(3) As I have already said in this lecture, if your will is too strong so that it does not consider the obstacles, nor respect other people’s inclinations; if it does not take into account the reality of the other person, whether or not this is welcomed and desired by you; if the strength of the wish is stronger than reality warrants, then you defeat your purpose.

(4) A fourth reason is too little will.  If you are resigned and withdrawn, become apathetic and are too fearful to want to lead a meaningful life; if you do not dare to do what is necessary to produce such a meaningful life for yourself, but wait for some authority to give it to you, then you cripple your will power and wish capacity.

All four of these aspects prohibit a healthy, relaxed, steady flow of your will and therefore of your wish capacity.  Here again is a topic that brings so much confusion because you always tend to regard something as right or wrong, good or bad.  So many theories have come into existence ‑‑ spiritual, religious, philosophical, or psychological theories.  There is the school of thought that says you must not go for results in order to have peace.  You must not have any will power.  You must let go.  And there is the other school of thought that says without will there can be no life, no fulfillment.  Do you not realize, my friends, that both of these apparently opposite views are correct.  And both can be wrong.  So many times, I have shown you such confusions where opposite points of view are both right and can also both be destructive and unproductive.  If your will falls under any of those categories I mentioned, if it is strained, if it is governed by immature motives, if you are unaware of it, if it is split, if it is compulsive and too eager, then it is very true to say, let go, relax your self‑will.  Find out the unifying forces that lie underneath the split of your will so that gradually it may grow together into one stream.  But on the other hand, if your will does not function at all, or insufficiently, how can you grow?  You do need the will to grow, to live, to love.  And yet you do not, on another level.  As I have said earlier, you cannot use direct will power to make yourself feel what you do not feel, even though you may want to.  But you need your will to observe yourself in candor and without self‑deception, whereupon your capacity for loving and living grows automatically.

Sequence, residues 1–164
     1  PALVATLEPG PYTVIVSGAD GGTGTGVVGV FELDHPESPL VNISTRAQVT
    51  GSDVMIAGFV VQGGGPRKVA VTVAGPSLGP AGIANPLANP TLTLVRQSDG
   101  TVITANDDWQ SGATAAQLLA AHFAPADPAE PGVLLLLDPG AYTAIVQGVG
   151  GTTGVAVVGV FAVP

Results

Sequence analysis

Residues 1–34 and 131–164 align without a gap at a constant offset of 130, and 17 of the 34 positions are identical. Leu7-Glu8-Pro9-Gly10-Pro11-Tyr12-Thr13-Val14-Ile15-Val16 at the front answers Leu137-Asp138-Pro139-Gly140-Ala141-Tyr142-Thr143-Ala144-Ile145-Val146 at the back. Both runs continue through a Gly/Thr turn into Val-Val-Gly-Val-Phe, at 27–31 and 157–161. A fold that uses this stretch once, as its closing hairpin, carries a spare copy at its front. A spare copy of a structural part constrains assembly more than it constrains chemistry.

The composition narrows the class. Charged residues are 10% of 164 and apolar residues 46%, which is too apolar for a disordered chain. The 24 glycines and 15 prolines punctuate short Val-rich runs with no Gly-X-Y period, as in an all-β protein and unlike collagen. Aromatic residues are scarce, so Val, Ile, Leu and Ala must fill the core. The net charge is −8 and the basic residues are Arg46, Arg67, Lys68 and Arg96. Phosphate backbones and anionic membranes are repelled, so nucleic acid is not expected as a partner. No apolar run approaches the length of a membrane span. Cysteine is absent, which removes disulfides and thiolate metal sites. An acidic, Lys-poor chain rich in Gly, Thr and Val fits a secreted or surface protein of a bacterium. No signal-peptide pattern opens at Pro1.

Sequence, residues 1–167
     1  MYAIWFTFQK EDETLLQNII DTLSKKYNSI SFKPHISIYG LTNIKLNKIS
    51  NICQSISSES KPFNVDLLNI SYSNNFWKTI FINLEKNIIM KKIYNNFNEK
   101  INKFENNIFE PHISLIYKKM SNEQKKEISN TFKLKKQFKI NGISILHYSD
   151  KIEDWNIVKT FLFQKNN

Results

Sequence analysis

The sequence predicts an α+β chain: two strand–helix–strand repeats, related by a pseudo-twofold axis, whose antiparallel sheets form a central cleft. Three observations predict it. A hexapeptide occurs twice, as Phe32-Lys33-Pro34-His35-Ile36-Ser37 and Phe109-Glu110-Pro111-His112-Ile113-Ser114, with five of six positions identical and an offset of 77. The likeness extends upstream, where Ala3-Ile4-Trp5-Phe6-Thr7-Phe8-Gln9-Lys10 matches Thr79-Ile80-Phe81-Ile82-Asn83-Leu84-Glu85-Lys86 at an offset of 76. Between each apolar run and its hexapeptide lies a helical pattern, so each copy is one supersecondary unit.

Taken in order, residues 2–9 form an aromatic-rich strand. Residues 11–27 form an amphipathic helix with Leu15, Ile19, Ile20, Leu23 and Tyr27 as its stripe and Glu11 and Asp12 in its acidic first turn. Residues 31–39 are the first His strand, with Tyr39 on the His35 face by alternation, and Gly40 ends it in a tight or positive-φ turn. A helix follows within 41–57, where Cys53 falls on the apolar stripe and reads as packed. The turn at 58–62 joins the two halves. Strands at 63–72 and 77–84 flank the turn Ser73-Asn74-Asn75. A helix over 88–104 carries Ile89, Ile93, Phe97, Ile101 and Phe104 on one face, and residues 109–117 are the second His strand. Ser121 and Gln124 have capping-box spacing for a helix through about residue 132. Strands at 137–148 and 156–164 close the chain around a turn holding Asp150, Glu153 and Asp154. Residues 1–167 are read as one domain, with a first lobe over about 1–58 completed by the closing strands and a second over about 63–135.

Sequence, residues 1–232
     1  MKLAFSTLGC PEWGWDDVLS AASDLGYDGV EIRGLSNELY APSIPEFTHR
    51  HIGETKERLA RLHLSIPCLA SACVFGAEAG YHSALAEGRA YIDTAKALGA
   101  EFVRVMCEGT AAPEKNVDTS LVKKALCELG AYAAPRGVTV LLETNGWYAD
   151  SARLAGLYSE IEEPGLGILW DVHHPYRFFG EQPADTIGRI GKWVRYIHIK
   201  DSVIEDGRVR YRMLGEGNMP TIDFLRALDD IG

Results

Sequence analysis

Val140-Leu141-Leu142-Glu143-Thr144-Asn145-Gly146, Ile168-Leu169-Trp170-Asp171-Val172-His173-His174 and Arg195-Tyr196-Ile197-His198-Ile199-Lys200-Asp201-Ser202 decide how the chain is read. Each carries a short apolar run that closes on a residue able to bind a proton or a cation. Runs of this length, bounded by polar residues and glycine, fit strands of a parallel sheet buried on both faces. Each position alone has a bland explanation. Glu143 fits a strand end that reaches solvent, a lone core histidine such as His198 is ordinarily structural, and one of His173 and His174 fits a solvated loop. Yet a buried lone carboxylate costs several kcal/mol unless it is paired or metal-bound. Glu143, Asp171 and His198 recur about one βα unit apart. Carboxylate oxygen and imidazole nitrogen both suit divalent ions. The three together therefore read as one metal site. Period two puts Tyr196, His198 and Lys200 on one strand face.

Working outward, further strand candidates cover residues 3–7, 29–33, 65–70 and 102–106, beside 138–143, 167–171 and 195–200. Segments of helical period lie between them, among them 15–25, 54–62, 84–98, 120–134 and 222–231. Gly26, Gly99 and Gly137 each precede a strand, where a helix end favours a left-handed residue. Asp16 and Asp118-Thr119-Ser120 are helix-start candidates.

If you truly want good relationships, you have to want to have them, without strain and without an immediate result.  You must not rush for a particular result, bound in time, limited in kind to your own choosing.  A relationship includes others, and they too have to be considered, not only you.  If such consideration is not given, then you nullify the relationship’s existence.  Whether such consideration applies to outer and obvious manifestations or whether it concerns hidden, emotional tendencies and attitudes does not make the slightest difference.  The latter is only much harder to determine.  This then points to the proper combination of wanting and willing, while letting free.  This means the self‑will is going out, while the good will remains.  This good will has to be cultivated anew, over and over.  In it, you let go of self‑will by giving tolerance to the how and when.  In it, you cultivate awareness of your own disturbing currents, as also to the needs and will of the other, while remaining attuned to the fluctuations and changes.  For, nothing that is alive remains static.  Only a free spirit can be alert and relaxed enough to follow with the stream of eternally changing conditions emanating from others, from yourself, from life’s circumstances.  In order to do so, your healthy will has to function.  You cannot be will‑less, but you must be without the rigid confinements of self‑will that dictate the details.  This then describes the difference between the outer and the inner will.  The inner will comes from your real self, which is intrinsically free.  If you allow its freedom, it will be without the confinement of self‑will.